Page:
Easter is quickly approaching, and as with any holiday that promotes entertaining, many of us are scurrying around at the last minute Googling recipes and finalizing shopping lists. Usually the last thing that comes to mind is what to drink.
To help ease the anxiety, I thought I’d put together a couple fail-safe suggestions that will put both you and your guests at ease with something appropriate for the season: pink wines.
Pink wines are a great option for sipping in the afternoon or accompanying an Easter brunch.
Most rosés are made by letting grape skins “mash up” (or macerate) with just-pressed grape juice for several hours. Once that mixture is strained, the result is a wine with all the delicious juicy strawberry and cherry flavors but without the bigger tannins that come with a longer maceration process. Rosé Champagnes on the other hand are most often made by adding in a small percentage of red wine to give the wine color, body, depth and character.
Whether you are looking for bubbles or not, there are a bounty of delicious rosés just starting to hit the market. Every year around this time, I venture to my favorite wine merchant and fill up a mixed case of rosés to keep on hand for occasions just like this. Below are some of my favorites.
Veuve Clicquot, Rosé, Champagne, NV $65
From the people that brought you one of the most recognizable champagnes in the world (I’m sure you’ve seen the “yellow label.”) The often overlooked rosy big sister is equally delicious. The non-vintage rosé is made of approximately 10-15 percent red grapes, with Chardonnay making up the difference. Great for sipping on its own or with the meal.
Vilmart Cuvee Rubis, Champagne, NV $60
The little guys in Champagne are often overlooked because they lack the name recognition, “bling” and hype that surround some bottles and brands. Vilmart is one of those little guys and isn’t found in most major markets. They are family owned, and their money goes into what’s in the bottle, rather than how the bottle is packaged. The Cuvee Rubis is their non-vintage rosé made from 90 percent pinot noir. It’s aged for a short time in a barrel, with extra TLC giving it added depth and beauty.
Wines to Make you Blush
Mulderbosh, Cabernet Sauvignon Rosé, Stellenbosch, South Africa, 2010 $18
Coming from one of the most beautiful wine regions in the world, this is one of my go-to rosés. Made from 100 percent Cabernet Sauvignon, this wine packs delicious, ripe fruit characteristics that make it the perfect picnic wine to sip in the late afternoon as the sun sets. My rule of thumb: once the sky matches the color of my glass of rosé, it’s time to move on to red.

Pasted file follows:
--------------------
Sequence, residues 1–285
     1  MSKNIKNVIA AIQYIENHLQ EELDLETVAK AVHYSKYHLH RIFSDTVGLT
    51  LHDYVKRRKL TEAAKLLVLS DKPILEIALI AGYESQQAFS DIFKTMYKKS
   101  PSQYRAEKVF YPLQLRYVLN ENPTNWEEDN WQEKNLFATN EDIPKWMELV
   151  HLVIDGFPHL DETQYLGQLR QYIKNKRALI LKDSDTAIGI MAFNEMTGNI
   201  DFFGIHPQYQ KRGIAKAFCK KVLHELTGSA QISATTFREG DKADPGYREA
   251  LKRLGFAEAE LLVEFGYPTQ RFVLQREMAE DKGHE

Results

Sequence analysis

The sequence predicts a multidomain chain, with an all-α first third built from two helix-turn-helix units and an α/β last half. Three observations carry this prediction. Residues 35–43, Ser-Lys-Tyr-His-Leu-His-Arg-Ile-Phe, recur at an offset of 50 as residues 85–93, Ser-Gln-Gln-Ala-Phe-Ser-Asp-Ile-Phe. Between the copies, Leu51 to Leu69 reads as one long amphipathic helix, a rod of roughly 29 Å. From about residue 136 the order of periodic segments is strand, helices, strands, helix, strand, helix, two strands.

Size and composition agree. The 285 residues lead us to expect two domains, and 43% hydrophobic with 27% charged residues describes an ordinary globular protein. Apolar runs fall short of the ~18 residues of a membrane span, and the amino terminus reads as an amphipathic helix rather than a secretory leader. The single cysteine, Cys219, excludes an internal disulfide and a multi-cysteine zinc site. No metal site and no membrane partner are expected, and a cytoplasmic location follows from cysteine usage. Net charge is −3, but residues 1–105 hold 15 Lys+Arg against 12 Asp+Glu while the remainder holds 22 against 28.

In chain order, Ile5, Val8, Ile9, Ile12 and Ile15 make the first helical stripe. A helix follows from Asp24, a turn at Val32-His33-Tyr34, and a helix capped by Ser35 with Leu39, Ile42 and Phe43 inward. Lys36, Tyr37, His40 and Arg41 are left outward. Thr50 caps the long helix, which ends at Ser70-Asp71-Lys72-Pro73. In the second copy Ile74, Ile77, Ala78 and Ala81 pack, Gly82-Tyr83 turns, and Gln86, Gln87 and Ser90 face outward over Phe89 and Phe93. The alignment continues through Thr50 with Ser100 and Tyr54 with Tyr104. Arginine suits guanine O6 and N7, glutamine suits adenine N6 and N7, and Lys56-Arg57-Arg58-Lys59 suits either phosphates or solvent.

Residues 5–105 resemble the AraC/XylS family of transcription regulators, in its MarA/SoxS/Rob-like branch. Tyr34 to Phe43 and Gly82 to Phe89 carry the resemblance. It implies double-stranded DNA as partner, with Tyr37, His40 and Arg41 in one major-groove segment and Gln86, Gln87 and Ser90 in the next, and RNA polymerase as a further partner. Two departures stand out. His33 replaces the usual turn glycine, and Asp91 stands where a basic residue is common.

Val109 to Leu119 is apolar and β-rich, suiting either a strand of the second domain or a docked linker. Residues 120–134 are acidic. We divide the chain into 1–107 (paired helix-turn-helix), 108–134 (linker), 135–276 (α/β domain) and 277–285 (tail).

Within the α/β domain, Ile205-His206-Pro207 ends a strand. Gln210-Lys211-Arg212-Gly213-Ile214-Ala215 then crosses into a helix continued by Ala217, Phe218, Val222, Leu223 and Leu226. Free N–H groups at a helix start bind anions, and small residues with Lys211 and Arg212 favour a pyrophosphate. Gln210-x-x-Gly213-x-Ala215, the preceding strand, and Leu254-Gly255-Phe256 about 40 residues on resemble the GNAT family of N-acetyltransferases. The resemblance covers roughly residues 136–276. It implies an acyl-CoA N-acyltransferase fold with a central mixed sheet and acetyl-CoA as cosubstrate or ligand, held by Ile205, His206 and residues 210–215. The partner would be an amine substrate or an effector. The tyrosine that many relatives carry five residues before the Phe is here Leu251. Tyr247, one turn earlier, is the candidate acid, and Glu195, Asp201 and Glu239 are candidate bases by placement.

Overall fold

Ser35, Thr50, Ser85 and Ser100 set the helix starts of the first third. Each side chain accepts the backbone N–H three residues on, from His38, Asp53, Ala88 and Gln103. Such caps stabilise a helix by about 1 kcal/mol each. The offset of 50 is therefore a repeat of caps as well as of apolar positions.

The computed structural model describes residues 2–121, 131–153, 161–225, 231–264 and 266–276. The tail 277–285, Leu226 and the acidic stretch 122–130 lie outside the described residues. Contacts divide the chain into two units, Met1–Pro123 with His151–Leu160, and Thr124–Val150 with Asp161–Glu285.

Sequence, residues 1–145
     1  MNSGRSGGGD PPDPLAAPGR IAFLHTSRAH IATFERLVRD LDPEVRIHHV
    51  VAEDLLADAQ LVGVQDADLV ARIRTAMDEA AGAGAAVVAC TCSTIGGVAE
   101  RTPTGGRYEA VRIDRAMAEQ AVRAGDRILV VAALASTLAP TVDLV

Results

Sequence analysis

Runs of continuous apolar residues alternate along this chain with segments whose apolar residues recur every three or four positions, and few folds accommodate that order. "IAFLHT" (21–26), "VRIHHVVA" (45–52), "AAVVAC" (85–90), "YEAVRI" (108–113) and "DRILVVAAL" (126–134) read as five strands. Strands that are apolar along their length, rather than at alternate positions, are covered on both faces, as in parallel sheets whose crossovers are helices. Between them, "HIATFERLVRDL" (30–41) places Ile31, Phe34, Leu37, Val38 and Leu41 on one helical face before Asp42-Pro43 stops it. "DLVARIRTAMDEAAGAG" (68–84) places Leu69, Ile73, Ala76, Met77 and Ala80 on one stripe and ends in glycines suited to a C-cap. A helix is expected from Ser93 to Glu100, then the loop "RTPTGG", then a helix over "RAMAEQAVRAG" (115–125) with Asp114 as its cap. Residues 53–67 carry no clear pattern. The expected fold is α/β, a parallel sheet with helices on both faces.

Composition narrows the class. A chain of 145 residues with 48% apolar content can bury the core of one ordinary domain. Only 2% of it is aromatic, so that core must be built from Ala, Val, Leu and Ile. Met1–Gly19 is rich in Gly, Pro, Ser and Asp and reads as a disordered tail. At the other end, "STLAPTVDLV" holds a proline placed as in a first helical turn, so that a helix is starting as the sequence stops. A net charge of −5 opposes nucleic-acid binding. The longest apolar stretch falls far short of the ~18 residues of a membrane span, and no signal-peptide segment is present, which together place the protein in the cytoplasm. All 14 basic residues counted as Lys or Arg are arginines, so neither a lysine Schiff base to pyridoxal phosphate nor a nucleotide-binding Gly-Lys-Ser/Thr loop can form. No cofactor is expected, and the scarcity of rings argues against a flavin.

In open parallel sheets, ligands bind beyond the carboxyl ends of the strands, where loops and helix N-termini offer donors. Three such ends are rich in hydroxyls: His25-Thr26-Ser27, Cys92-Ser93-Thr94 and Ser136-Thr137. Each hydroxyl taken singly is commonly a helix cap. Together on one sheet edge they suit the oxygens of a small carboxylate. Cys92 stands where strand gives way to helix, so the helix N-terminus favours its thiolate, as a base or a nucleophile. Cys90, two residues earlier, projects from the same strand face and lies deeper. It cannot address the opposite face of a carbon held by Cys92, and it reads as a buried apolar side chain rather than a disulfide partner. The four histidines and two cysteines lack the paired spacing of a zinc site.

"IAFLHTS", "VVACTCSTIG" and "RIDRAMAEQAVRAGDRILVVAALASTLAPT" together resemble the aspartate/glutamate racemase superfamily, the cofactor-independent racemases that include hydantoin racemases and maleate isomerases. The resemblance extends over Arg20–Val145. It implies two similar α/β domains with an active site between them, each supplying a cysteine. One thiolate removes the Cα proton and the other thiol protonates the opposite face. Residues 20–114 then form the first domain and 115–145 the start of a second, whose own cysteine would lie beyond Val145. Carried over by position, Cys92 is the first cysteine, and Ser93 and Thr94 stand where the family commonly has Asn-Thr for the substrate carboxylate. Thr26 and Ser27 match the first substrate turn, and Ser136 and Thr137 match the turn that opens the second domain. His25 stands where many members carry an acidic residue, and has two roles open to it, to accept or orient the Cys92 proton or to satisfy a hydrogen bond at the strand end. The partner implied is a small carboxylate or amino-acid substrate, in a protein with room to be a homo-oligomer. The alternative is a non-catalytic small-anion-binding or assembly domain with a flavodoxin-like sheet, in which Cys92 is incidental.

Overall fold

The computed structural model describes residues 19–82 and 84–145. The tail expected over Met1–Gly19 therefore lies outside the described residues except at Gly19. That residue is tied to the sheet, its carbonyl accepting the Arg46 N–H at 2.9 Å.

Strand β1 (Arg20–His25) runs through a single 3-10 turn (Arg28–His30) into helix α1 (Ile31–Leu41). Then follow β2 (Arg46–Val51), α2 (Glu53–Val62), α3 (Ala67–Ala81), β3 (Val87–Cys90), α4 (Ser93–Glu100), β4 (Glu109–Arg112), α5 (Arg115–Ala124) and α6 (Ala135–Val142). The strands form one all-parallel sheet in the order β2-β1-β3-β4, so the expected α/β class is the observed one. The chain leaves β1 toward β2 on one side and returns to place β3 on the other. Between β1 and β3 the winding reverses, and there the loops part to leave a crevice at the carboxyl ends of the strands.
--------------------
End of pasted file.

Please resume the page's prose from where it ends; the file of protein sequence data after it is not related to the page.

Bastianich, Refosco, Rosato, Friuli, Italy, 2009 $15
From the northeast corner of Italy comes one of the first rosés that really converted me. It’s made from a grape, Refosco, which is most commonly encountered in its red form that I would categorize as a winter wine, best enjoyed fireside on a snowy evening with a delicious braised supper. The rosé, however, is the exact opposite and is perfect for springtime afternoons in the sun.
And if wine isn’t strong enough….
The other night I found myself at home with four Ruby Red grapefruits at their peak of ripeness, a fully stocked liquor cabinet and a room full of dinner guests.
The crowd was getting restless (and thirsty) as I prepared dinner, so I threw them an “Iron Bar Chef Challenge” to craft cocktails as I slaved over the stove. Within 5 minutes we had juiced the grapefruits, sweetened the juice with a touch of agave syrup (simple syrup would work too), poured generous portions of local gin over ice in rocks glasses and added sprigs of rosemary as stir sticks. We had ourselves a party.
You might ask, “Greyhounds… aren’t those made with vodka?” Why yes, they are, and feel free to substitute if you wish. As for a Greyhound Proper, I must give credit to the team at Hungry Cat in Los Angeles that spoiled me forever into making mine at home with gin instead of vodka. And if you happen to roll with rap stars, they might even refer to it as Gin & Juice. Regardless of what you want to call it, the drink is so good it will make you “bow down to the bow wow”… “Fo shizzle.”
For the Kiddos
And if there are kids around that want to partake in the grown-up fun, pour them grapefruit juice in a champagne glass and top it with soda water. They will feel like royalty.
(Sabato Sagaria is the director of the five-star food and beverage operations at The Little Nell in Aspen. He is also an expert on wine and is working towards becoming a Master Sommelier.)
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